101    Attached as Exhibit 101 to this report are the following Interactive Data Files formatted in XBRL (eXtensible Business Reporting Language): (i) Condensed Consolidated Balance Sheets as of September 30, 2013, and December 31, 2012; (ii) Condensed Consolidated Statements of Operations for the three and nine months ended September 30, 2013 and 2012; (iii) Condensed Consolidated Statement of Partners’ Capital; (iv) Condensed Consolidated Statement of Cash Flows for the nine months ended September 30, 2013 and 2012; and (v) Notes to the Condensed Consolidated Financial Statements. Users of this data are advised that the information contained in the XBRL documents is unaudited and these are not the official publicly filed financial statements of StoneMor Partners L.P.

 

60


Table of Contents

SIGNATURES

Pursuant to the requirements of the Securities Exchange Act of 1934, the registrant has duly caused this report to be signed on its behalf by the undersigned thereunto duly authorized.

 

        STONEMOR PARTNERS L.P.
    By: StoneMor GP LLC
    its general partner
November 7, 2013     /s/ Lawrence Miller
   

 

    Lawrence Miller
    Chief Executive Officer, President and Chairman of the Board of Directors (Principal Executive Officer)
November 7, 2013     /s/ Timothy K. Yost
   

 

    Timothy K. Yost
    Chief Financial Officer (Principal Financial Officer)

 

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Table of Contents

Exhibit Index

 

Exhibit
Number

  

Description

10.1    Lease Agreement, dated as of September 26, 2013, by and among StoneMor Operating, LLC, StoneMor Pennsylvania LLC and StoneMor Pennsylvania Subsidiary LLC, the Archdiocese of Philadelphia, and StoneMor Partners L.P., solely in its capacity as guarantor (incorporated by reference to Exhibit 10.1 to the Registrant’s Current Report on Form 8-K filed on October 2, 2013).
10.2
  

Amended and Restated Employment Agreement, executed on July 22, 2013, retroactive to January 1, 2013, by and between StoneMor GP, LLC and Lawrence Miller (incorporated by reference to Exhibit 10.1 to the Registrant’s Current Report on Form 8-K filed on July 26, 2013).

31.1    Certification pursuant to Exchange Act Rule 13a-14(a) of Lawrence Miller, Chief Executive Officer, President and Chairman of the Board of Directors.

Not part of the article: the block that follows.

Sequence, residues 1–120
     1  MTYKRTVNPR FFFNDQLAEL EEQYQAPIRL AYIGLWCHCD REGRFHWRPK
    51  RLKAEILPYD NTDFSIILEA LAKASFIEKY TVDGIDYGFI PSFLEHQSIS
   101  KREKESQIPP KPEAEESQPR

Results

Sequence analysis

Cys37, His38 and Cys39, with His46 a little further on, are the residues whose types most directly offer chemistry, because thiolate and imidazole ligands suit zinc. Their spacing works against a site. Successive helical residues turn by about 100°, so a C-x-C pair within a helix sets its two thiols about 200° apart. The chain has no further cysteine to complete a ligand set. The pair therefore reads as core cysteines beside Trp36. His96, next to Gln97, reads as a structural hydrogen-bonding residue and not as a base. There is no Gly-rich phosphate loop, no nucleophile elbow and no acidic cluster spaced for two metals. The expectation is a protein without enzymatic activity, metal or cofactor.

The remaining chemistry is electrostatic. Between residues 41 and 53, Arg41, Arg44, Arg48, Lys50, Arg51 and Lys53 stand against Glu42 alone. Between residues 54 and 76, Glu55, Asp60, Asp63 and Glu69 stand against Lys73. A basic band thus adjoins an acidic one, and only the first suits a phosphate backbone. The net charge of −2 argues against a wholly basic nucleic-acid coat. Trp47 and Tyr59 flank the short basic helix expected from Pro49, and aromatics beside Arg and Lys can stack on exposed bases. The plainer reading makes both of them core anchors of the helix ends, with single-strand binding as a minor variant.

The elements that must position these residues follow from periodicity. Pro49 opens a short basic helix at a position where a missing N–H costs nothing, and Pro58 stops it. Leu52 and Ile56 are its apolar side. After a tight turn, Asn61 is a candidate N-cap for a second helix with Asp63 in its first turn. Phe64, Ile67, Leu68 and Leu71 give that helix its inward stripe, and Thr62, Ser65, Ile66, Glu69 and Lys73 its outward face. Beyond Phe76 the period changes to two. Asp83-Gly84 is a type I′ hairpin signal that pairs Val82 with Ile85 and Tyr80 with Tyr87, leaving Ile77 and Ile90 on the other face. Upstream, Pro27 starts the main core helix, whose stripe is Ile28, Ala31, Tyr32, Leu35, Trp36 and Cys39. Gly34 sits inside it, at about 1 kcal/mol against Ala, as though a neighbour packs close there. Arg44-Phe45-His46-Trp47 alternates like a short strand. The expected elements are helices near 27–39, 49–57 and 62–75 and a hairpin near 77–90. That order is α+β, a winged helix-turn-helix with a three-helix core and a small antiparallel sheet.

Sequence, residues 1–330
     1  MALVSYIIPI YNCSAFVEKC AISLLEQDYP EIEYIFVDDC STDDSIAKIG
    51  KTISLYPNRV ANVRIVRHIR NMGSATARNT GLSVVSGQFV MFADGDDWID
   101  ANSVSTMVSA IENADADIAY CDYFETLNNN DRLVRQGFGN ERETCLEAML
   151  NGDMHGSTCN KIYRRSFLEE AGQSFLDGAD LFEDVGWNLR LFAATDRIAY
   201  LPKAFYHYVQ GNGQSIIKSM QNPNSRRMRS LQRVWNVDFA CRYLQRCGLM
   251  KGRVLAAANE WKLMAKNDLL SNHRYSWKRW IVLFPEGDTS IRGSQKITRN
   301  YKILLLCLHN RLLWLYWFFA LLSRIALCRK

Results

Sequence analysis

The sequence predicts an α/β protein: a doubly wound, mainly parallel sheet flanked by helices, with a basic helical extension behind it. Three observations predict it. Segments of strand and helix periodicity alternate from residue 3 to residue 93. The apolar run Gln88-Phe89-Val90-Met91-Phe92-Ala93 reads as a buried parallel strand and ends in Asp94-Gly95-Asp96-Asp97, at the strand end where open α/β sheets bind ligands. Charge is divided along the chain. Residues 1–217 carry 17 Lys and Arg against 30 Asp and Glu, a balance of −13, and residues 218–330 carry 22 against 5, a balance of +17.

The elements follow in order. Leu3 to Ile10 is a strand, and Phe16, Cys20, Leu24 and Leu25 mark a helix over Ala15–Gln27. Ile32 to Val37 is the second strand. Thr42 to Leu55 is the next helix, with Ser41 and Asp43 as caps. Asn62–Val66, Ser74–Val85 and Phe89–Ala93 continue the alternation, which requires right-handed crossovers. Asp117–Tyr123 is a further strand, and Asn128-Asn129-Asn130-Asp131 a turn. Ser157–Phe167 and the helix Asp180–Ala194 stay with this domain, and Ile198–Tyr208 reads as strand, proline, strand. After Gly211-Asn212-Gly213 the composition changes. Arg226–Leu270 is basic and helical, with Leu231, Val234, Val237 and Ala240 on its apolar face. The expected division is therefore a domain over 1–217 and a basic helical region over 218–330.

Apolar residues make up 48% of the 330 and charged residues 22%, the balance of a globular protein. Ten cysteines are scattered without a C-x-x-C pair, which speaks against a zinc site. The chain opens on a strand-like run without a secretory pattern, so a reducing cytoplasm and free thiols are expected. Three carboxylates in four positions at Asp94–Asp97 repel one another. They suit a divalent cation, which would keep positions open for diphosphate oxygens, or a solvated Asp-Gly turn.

31.2    Certification pursuant to Exchange Act Rule 13a-14(a) of Timothy K. Yost, Chief Financial Officer and Secretary.
32.1    Certification pursuant to Section 906 of the Sarbanes-Oxley Act of 2002 (18 U.S.C. § 1350) and Exchange Act Rule 13a-14(b) of Lawrence Miller, Chief Executive Officer, President and Chairman of the Board of Directors (furnished herewith).
32.2    Certification pursuant to Section 906 of the Sarbanes-Oxley Act of 2002 (18 U.S.C. § 1350) and Exchange Act Rule 13a-14(b) of Timothy K. Yost, Chief Financial Officer and Secretary (furnished herewith).
101    Attached as Exhibit 101 to this report are the following Interactive Data Files formatted in XBRL (eXtensible Business Reporting Language): (i) Condensed Consolidated Balance Sheets as of September 30, 2013, and December 31, 2012; (ii) Condensed Consolidated Statements of Operations for the three and nine months ended September 30, 2013 and 2012; (iii) Condensed Consolidated Statement of Partners’ Capital; (iv) Condensed Consolidated Statement of Cash Flows for the nine months ended September 30, 2013 and 2012; and (v) Notes to the Condensed Consolidated Financial Statements. Users of this data are advised that the information contained in the XBRL documents is unaudited and these are not the official publicly filed financial statements of StoneMor Partners L.P.

 

62


Dates Referenced Herein   and   Documents Incorporated by Reference

This ‘10-Q’ Filing    Date    Other Filings
6/1/21
12/1/17
5/24/17
1/19/17
6/1/16
6/30/1410-Q
3/31/1410-Q
2/19/144
1/1/14
12/31/1310-K,  8-K
12/1/133
Filed on:11/7/138-K
11/1/13
10/2/138-K
For Period End:9/30/13
9/26/138-K
8/1/134
7/26/138-K
7/22/138-K
6/30/1310-Q
6/21/138-K
6/18/138-K
6/14/13
5/28/138-K
5/24/138-K
5/8/138-K
4/11/13
3/31/1310-Q
3/26/138-K
2/19/134,  8-K
1/2/134
1/1/13
12/31/1210-K
9/30/1210-Q
7/31/12
7/2/124
6/21/12
6/6/12
4/10/124
3/31/1210-Q
1/19/128-K
1/1/12
12/31/1010-K,  NT 10-K
11/24/093,  8-K
9/20/043,  4,  8-K
4/2/04
 List all Filings